Also read: What are ETFs and for whom are they worthwhile?

Inventory of 1.5 trillion digital euros

So that millions of citizens do not come up with the idea of ​​emptying their bank accounts and investing in the virtual euro, the stock should be limited. This possibility of value protection would be too tempting. The limitation is primarily intended to prevent negative consequences for the financial system. According to analysts, the total stock of the digital euro would probably be capped at 1 to 1.5 trillion. Fabio Panetta explains:

“With a current population of around 340 million people in the euro area, this means that each of them could hold around 3,000 to 4,000 euros in digital form.”

Fabio Panetta, The digital euro and the development of the financial system, ECB, 06/15/22.

A tiered rate of interest is being considered, as well as limiting the total portfolio. In this way, credit on the digital euro could be subject to different interest rates depending on the credit. In a first balance level for everyday payment needs, the balance would bear zero or positive interest. The interest on the second credit level above a certain amount would then be below the interest on other secure assets. The ECB wants to avoid the virtual euro as an investment because central bank money can best combine security and stability.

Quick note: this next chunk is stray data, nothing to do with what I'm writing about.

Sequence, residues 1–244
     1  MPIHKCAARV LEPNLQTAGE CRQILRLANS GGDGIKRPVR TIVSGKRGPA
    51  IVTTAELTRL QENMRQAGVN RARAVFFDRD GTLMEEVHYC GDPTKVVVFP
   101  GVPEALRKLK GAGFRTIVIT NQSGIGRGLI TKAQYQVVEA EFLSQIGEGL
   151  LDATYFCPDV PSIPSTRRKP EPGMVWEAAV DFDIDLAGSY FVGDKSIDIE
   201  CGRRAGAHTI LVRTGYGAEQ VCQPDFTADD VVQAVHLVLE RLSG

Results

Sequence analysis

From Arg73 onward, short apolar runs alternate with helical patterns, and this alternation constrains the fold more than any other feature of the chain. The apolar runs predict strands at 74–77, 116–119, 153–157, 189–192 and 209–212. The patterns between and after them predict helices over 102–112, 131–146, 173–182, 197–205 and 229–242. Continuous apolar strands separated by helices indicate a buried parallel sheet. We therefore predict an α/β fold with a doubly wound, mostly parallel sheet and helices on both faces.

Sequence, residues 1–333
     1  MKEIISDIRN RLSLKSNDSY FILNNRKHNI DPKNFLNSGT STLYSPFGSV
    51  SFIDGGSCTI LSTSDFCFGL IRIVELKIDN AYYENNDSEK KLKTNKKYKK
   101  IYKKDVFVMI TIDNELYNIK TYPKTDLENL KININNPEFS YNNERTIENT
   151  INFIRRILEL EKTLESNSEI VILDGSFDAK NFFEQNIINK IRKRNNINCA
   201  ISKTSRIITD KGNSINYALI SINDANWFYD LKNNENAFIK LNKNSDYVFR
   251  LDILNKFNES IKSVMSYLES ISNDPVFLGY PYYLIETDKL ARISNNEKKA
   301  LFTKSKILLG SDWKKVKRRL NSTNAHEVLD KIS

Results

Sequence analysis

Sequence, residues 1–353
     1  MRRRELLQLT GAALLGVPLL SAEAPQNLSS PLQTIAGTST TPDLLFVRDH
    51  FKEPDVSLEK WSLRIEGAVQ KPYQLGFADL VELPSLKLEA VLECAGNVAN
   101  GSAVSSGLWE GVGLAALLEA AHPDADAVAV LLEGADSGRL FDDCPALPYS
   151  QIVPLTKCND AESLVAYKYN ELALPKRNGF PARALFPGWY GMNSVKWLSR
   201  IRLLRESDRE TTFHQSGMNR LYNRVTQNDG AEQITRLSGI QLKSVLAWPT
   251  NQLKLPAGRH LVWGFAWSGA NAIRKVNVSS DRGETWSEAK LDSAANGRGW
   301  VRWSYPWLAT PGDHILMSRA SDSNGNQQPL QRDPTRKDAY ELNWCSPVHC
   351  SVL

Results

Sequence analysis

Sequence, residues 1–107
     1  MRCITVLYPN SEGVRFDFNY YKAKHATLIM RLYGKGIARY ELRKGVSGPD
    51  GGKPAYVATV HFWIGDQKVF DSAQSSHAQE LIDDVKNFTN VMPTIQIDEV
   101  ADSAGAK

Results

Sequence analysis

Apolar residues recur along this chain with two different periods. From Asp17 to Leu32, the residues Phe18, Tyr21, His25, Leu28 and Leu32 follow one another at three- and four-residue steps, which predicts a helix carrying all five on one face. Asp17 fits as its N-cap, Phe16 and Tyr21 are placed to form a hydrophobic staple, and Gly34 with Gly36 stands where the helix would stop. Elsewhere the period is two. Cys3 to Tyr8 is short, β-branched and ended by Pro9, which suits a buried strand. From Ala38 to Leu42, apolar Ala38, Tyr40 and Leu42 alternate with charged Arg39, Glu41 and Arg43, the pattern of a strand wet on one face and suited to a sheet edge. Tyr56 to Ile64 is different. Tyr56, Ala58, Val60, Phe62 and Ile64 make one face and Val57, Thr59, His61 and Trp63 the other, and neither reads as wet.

Due to these planned measures, the digital euro can be seen as a kind of fast-moving money that should constantly circulate in the economic cycle.

Controversial issue of data protection

In addition to centralization, the problem with digital central bank money is the lack of anonymity. Because while the user traces of the cash are largely anonymous and some cryptocurrencies attach particular importance to privacy, the digital euro will probably become a data octopus. While the ECB, as a public institution, wants to ensure a high level of privacy, Panetta seems to have other goals to consider:

“At the same time, we need to assess privacy in the context of other EU policy objectives such as combating money laundering and countering terrorist financing.”

Fabio Panetta, A digital euro that meets the needs of the population – finding the right balance, ECB, 03/30/22.

With the approach of a virtual central bank money, the digital euro has interesting aspects that make an intermediate role for private banks partially superfluous. Nevertheless, digital state money also harbors dangers. After all, a centralized authority then determines who and how much digital money everyone gets. Concrete dangers of state abuse would be blocking of digital wallets of unwanted people or sudden taxes and fees on digital monetary values. As long as the decentralized cryptocurrencies still exist, there is at least a free choice of digital means of payment.

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Digital euro planned as central bank money